Most of the 14 people killed at a banquet in San Bernardino County, California, worked in the same county public health department as the man who showed up with his wife and sprayed the hall with gunfire.
An official list of the dead was released Thursday, and families, friends and co-workers came forward to share some of their stories:
Nicholas Thalasinos, 52
Only two weeks ago, Thalasinos, of Colton, was having a heated on-the-job discussion about the nature of Islam with Syed Rizwan Farook, his fellow restaurant inspector and one of the shooters.
Thalasinos’ friend, Kuuleme Stephens, told The Associated Press that she happened to call him while he was working with Farook and that he brought her into their debate, loudly declaring that Farook “doesn’t agree that Islam is not a peaceful religion.”
She heard Farook counter that Americans don’t understand Islam, and Thalasinos responded by saying, “I don’t know how to talk with him,” she said.
Thalasinos wife, Jennifer, told the AP the two “probably did have debates” but “I never got the impression it was in a bad way.”
She said she believes her husband died a martyr but he never indicated that Syed had radicalized. She said she did not believe her husband was individually targeted.
“They all got along really well. So it’s shocking,” she said.
Aurora Banales Godoy, 26
A wife and mother of an infant son was killed in the attack, her aunt, Rebecca Godoy, said in a social media post that linked to Godoy’s own page.
“Yesterday in the shootings in San Bernardino many families were affected. Ours was one of them,” Rebecca Godoy wrote. “We will keep her flame alive so that her young son does not forget his special mother.”
Yvette Velasco, 27
Velasco is being described by her family as smart, motivated and full of life.
In a statement, her relatives said she was “loved by all who knew her…
“We are devastated about what happened and are still processing this nightmare,” the family said.
Velasco is survived by her parents and three sisters.
“Please pray for our family and the other families who have lost a loved one as a result of this terrible tragedy,” her relatives wrote.
Bennetta Betbadal, 46
She was born in Iran in 1969 and came to the United States at age 18 to escape the persecution of Christians after the Iranian Revolution, according to a family statement on a fundraising account set up in her name.
Her cousin, Melani Betbadal, referred reporters to the statement and declined further comment.
She first settled in New York City but eventually moved to Rialto, California. She and her husband, a police officer, were married in 1997 and have three children ages 10, 12 and 15.
Betbadal graduated from California State Polytechnic University in Pomona with a degree in chemistry and took a job as a health inspector with San Bernardino County.
“It is the ultimate irony that her life would be stolen from her that day by what appears to be the same type of extremism that she fled so many years ago,” the family said in the statement.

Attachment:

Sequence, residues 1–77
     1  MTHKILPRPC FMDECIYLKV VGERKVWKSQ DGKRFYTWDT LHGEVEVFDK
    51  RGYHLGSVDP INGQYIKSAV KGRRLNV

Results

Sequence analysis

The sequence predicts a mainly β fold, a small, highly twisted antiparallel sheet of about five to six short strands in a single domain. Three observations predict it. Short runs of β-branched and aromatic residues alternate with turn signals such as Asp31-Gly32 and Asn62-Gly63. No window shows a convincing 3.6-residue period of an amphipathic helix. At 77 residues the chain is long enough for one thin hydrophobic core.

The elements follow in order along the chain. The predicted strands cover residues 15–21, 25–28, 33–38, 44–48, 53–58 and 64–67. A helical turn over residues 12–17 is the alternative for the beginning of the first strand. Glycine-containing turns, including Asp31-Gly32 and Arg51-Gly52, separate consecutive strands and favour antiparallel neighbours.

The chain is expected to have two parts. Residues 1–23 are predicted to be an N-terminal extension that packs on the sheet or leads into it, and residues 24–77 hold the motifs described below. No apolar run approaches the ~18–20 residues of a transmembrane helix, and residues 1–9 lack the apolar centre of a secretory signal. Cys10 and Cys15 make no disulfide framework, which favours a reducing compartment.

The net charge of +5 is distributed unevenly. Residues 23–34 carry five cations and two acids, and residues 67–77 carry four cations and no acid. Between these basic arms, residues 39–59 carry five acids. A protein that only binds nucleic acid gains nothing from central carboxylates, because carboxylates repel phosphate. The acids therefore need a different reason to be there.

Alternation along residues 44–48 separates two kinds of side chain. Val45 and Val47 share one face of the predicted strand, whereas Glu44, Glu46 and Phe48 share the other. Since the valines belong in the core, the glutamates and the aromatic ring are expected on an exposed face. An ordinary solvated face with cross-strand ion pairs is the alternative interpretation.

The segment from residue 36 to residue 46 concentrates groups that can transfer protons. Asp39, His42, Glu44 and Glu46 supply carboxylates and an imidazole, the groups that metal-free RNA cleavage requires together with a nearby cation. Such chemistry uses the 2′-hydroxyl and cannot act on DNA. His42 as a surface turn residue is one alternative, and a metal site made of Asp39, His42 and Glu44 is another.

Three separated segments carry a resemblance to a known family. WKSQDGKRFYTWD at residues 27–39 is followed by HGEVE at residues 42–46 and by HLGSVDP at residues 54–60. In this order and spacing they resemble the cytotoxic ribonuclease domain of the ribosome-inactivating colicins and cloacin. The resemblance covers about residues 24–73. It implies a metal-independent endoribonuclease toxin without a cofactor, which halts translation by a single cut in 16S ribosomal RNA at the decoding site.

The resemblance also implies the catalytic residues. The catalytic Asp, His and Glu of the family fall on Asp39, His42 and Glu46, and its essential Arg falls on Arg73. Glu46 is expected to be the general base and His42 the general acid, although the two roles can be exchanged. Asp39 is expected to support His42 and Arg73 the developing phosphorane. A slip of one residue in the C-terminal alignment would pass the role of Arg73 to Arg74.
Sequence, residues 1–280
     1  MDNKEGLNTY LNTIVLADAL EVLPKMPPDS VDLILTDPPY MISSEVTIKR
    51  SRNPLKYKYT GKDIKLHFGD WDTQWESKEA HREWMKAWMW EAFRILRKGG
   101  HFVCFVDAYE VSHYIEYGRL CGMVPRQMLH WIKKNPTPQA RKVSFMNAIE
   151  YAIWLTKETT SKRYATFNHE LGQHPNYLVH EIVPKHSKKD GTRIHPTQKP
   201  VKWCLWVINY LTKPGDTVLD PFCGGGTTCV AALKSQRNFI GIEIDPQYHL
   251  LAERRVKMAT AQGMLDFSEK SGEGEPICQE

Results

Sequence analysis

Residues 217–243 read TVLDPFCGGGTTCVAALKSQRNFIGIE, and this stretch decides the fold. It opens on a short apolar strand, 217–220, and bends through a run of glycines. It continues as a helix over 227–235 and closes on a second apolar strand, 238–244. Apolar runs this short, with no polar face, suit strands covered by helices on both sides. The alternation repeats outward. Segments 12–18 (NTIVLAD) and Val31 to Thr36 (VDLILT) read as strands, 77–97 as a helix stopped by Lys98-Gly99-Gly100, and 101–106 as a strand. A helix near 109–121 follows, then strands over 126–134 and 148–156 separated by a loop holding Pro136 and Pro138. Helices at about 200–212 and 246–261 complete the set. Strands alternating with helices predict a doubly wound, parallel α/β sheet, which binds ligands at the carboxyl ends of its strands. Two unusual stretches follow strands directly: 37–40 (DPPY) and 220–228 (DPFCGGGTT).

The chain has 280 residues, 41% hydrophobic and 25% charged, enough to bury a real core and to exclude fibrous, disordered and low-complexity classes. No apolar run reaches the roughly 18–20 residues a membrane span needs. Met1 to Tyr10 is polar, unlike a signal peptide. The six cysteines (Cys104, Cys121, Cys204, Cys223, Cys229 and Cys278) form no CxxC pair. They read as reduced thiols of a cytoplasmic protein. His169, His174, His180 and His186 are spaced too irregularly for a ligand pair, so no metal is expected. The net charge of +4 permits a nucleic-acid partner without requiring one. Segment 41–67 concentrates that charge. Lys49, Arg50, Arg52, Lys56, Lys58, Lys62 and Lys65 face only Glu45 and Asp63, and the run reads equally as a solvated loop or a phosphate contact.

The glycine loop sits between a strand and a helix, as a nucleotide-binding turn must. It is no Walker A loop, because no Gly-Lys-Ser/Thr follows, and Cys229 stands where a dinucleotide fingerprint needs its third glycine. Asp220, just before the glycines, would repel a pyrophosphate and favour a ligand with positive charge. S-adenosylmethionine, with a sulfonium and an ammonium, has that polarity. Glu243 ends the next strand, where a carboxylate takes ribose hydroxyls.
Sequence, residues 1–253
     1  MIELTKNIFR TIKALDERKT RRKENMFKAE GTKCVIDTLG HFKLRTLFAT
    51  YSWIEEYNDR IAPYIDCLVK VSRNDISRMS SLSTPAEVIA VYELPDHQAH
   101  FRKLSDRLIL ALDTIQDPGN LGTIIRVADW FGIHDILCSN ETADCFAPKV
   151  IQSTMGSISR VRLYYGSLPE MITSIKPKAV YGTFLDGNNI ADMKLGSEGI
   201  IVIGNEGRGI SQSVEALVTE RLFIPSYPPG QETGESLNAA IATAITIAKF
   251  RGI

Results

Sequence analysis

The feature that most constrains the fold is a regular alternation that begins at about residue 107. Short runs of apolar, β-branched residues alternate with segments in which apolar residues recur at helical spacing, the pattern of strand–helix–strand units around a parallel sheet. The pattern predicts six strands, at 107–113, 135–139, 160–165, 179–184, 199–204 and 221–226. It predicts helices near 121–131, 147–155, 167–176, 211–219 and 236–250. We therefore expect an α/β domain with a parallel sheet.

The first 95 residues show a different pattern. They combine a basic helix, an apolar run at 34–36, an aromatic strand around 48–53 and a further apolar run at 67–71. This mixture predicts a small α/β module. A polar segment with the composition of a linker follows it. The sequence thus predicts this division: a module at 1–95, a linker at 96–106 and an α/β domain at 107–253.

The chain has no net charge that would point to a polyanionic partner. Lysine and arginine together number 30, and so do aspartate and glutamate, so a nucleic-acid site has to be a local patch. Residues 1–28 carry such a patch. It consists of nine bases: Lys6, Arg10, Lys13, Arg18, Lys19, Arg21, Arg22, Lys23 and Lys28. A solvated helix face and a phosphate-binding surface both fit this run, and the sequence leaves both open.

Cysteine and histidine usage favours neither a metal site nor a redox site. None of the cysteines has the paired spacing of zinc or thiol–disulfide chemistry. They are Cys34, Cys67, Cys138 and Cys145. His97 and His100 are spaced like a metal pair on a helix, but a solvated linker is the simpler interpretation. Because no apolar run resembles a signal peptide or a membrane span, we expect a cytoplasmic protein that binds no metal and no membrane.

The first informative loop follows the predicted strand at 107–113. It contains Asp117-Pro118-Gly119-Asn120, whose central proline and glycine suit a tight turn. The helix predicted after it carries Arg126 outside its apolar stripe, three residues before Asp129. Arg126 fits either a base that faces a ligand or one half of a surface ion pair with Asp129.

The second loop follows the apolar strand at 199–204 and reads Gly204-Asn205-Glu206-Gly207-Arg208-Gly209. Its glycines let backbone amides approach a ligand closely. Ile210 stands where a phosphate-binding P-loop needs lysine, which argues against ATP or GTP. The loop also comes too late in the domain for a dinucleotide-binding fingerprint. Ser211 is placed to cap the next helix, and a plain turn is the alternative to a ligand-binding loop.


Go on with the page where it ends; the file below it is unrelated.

Sierra Clayborn, 27
Her friends say she stood out as someone who always had an encouraging word.
Timothy J. Lee remembers meeting Clayborn in a class at the University of California, Riverside.
“She always had something encouraging to say,” Lee said.
After graduating in 2010, Clayborn worked jobs in retail and at a bank before landing a position at the San Bernardino County Department of Public Health. Like a number of other victims, she inspected restaurants.
Robert Adams, 40
The Yucaipa resident was known as a loving father and husband, friends said.
A fundraising page for his wife, Summer, and 20-month-old daughter, Savannah, had raised thousands of dollars in several hours Thursday.
Larry Daniel Kaufman, 42
He ran an independently owned coffee shop inside the Inland Regional Center where the county health workers were using a hall for their banquet. The shop’s workers included people with developmental disabilities, which can include epilepsy, autism and intellectual disabilities.
Eileen Richey, the executive director of the Association of Regional Center Agencies, said his death “fills us with sorrow, knowing so many families are in mourning.”
Michael Raymond Wetzel, 37
Friends and fellow church members appealed for help supporting his widow, Renee, a stay-at-home mom in Lake Arrowhead, California, and children.
“Michael was the most amazing person,” Renee Wetzel said in a statement, issued through her friend Celia Behar.
Damian Meins, 58
He was passionate about serving his community, a message he took from his Catholic high school in Riverside and carried throughout his life.
Walter Hackett, who met Meins some 40 years ago in high school, said he will be remembered for “service to others, helping others. He very much took that to heart,” Hackett said.
Hackett called his friend “a good, good guy.”
“Funny and smart and tall. A real quick smile, very friendly and outgoing,” he said. “It’s a real hard hit for all of us who knew him.”
SHANNON JOHNSON, 45
Johnson was the lone victim who lived in Los Angeles, a long commute to San Bernardino County where he worked as a health inspector.
He rose before dawn every morning to get to his job from his home in Koreatown.
The mayor’s office said in a statement Thursday night that “we have learned that one of our own … is among those who lost their lives.”
Tin Nguyen, 31
Born in Vietnam, Nguyen was a food inspector with the county health department. She lived in Santa Ana.
Isaac Amanios, 60
He was a supervising environmental health specialist.
Authorities released the names of the rest of the victims, but details about them weren’t immediately available. They are:
Harry Bowman, 46, of Upland
Juan Espinoza, 50, of Highland